The Painted Bird (2019)

Movie review

I don’t review every movie that I see, only those that I have a strong reaction to, good or bad. Had I seen The Painted Bird in 2019 when it was first released, it would have jumped to the top of my Top 10 list. As it stands, it is very high on my all-time best film list. A rare bird indeed.

The Painted Bird (2019) is a film by Vaclav Marhoul based on the novel by Jerzy Kosinsky. It runs just short of three hours and is unrelenting in its depiction of the horrors encountered by a young boy as he makes his way across war torn Eastern Europe trying to find his way back home. If it were not for the occasional modern references such as a plane flying overhead, or a vehicle on a road, we would think the action was taking place in villages found in the middle ages.

Central to the story was a starling that was painted white and released back into its flock only to be pecked to death because it was different from the others. This is the analogous to what happened to the boy who was subjected to unimaginable horrors along the way because he was different and didn’t quite fit in and wasn’t from around wherever he found himself to be. And one could say that is true of minor groups not fitting in to larger groups such the Jews of Eastern Europe and in Germany.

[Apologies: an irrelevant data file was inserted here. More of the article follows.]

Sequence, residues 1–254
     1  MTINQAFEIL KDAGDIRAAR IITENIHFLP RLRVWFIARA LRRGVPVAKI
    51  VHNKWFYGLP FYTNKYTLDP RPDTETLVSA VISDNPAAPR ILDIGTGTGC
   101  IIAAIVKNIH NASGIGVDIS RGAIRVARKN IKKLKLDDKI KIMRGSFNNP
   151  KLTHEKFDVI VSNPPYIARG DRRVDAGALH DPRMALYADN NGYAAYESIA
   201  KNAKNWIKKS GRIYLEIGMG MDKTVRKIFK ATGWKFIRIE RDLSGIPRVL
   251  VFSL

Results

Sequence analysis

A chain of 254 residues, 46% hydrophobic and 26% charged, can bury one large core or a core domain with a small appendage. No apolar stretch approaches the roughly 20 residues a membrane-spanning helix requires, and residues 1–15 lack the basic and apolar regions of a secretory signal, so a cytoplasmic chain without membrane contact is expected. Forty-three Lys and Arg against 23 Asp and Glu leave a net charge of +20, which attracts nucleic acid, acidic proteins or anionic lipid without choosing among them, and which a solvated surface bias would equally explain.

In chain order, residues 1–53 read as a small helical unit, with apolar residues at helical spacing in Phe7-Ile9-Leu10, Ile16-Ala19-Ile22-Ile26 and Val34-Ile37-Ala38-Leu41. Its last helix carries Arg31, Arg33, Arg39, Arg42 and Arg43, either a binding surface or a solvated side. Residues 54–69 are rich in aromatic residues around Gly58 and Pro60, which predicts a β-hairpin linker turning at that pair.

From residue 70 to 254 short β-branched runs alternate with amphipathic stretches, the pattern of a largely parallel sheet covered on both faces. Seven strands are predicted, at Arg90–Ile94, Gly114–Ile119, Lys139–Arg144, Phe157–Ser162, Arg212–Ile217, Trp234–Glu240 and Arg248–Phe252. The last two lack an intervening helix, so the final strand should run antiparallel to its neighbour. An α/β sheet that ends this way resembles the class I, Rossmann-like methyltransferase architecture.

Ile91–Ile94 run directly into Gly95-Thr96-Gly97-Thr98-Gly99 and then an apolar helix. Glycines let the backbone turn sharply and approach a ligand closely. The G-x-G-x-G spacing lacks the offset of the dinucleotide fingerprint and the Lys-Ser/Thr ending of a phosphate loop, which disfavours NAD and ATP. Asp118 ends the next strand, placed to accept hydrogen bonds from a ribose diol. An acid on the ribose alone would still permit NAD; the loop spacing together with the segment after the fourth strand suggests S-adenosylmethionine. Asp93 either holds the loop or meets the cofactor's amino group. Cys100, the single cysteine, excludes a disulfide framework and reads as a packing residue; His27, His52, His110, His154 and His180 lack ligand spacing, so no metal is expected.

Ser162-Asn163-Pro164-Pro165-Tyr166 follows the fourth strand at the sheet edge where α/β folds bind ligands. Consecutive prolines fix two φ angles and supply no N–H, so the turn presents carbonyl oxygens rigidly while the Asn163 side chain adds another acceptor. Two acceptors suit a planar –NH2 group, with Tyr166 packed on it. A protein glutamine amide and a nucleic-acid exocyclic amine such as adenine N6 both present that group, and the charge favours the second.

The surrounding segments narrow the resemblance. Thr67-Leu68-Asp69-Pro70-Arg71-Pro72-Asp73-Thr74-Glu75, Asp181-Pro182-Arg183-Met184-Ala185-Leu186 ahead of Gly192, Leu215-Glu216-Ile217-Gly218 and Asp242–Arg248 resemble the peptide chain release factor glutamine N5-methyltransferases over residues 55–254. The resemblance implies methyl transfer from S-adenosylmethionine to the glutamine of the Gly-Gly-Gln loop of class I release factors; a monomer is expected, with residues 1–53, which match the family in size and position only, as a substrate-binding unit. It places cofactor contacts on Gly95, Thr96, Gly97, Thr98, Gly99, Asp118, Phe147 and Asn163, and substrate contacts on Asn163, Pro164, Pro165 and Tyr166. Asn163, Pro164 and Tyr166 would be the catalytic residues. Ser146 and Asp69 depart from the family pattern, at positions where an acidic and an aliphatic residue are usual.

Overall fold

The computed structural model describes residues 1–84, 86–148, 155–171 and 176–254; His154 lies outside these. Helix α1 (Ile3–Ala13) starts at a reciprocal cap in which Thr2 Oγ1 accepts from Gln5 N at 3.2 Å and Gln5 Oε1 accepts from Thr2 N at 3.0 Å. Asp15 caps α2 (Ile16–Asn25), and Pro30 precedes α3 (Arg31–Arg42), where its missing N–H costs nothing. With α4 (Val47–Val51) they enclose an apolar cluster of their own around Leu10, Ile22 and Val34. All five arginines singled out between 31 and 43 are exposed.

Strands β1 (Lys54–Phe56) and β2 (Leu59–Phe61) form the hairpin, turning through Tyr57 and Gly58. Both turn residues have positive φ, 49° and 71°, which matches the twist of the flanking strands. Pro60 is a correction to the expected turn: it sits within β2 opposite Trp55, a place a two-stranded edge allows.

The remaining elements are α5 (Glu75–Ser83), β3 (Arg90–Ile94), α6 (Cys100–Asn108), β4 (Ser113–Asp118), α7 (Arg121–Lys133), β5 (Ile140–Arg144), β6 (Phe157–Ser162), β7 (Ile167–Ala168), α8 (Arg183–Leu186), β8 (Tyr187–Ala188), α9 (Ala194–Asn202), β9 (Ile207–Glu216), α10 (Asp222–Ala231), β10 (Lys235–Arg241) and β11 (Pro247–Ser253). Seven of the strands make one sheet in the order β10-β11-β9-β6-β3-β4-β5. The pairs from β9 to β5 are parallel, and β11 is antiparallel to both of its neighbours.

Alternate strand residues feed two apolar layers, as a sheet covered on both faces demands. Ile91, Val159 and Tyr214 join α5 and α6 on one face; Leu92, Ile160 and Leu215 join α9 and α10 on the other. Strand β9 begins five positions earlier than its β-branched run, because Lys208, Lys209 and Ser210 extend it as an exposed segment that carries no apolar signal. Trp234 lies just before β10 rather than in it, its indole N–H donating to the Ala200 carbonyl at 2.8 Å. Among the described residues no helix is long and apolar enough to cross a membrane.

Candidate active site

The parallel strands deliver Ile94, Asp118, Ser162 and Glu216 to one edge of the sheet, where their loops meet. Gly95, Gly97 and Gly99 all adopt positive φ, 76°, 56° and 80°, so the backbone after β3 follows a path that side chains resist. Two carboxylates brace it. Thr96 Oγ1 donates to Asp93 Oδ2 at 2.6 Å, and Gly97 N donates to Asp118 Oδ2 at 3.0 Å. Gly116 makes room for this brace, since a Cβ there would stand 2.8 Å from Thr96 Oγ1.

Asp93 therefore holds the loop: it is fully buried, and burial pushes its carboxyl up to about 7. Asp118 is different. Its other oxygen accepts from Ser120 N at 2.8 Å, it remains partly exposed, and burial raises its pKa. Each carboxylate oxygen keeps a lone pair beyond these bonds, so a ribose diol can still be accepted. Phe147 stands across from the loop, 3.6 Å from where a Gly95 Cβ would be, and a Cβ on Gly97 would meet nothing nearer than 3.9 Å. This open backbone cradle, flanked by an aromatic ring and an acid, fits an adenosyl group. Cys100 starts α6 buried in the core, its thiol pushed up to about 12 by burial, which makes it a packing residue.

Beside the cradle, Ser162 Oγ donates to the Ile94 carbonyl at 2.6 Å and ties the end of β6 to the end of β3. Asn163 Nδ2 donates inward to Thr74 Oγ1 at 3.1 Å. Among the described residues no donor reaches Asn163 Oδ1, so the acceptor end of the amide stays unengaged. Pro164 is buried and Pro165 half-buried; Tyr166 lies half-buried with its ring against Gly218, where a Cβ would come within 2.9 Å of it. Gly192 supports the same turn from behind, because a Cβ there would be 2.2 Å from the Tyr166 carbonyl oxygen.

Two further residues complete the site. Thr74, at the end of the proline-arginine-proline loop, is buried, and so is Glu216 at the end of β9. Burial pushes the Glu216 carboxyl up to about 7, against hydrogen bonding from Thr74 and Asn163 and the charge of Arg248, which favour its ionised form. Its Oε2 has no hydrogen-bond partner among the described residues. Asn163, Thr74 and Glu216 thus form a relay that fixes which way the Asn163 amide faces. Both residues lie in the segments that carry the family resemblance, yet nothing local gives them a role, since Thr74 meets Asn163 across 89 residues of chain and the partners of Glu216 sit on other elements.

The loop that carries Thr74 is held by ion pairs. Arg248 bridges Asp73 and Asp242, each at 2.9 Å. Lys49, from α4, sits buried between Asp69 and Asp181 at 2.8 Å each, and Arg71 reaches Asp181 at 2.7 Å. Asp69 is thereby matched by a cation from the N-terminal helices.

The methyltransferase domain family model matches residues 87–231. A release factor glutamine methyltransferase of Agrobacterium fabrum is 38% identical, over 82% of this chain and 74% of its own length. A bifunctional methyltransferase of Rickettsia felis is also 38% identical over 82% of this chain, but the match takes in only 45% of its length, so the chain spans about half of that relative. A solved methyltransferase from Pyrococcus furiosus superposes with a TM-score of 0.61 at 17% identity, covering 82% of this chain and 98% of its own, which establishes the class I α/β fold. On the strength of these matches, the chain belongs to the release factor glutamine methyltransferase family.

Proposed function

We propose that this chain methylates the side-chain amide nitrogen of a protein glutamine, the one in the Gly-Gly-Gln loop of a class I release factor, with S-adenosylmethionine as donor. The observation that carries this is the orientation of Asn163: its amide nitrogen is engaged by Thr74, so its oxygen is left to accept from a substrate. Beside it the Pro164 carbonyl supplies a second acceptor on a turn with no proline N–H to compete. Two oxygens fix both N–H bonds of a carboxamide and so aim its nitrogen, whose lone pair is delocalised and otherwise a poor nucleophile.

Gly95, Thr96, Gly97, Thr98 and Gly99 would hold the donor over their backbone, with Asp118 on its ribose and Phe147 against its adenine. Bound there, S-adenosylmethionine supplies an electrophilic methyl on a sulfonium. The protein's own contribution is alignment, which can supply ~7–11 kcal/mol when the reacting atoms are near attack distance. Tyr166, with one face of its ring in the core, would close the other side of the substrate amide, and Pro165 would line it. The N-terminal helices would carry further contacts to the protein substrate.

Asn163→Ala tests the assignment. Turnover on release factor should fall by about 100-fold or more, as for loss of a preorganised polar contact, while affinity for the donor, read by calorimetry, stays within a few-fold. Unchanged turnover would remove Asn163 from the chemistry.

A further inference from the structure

This is a movie of cruelty, inhumanity, and bitter truth. It is not an easy watch. As a matter of fact, when the film was shown in Venice large parts of the audience fled the theater. But the film has to be admired for the unvarnished truth it portrays and the artistry and craftmanship that went into its making. The acting is superb by all the participants. All the characters were believable and real. The crisp black and white cinematography by Vladimr Smutny is extraordinary. Each frame is composed as a masterwork of inspired creativity and shades of grey.

I can’t recommend this film to everyone due to its strong content, but it has my rating as an artistic achievement.

The Curious Case of Dr. Benjamin Franklin Woolery

Doctor, Mother and Baby in Childbirth Case All Die

Dateline Louisville, Kentucky, Friday, November 3, 1944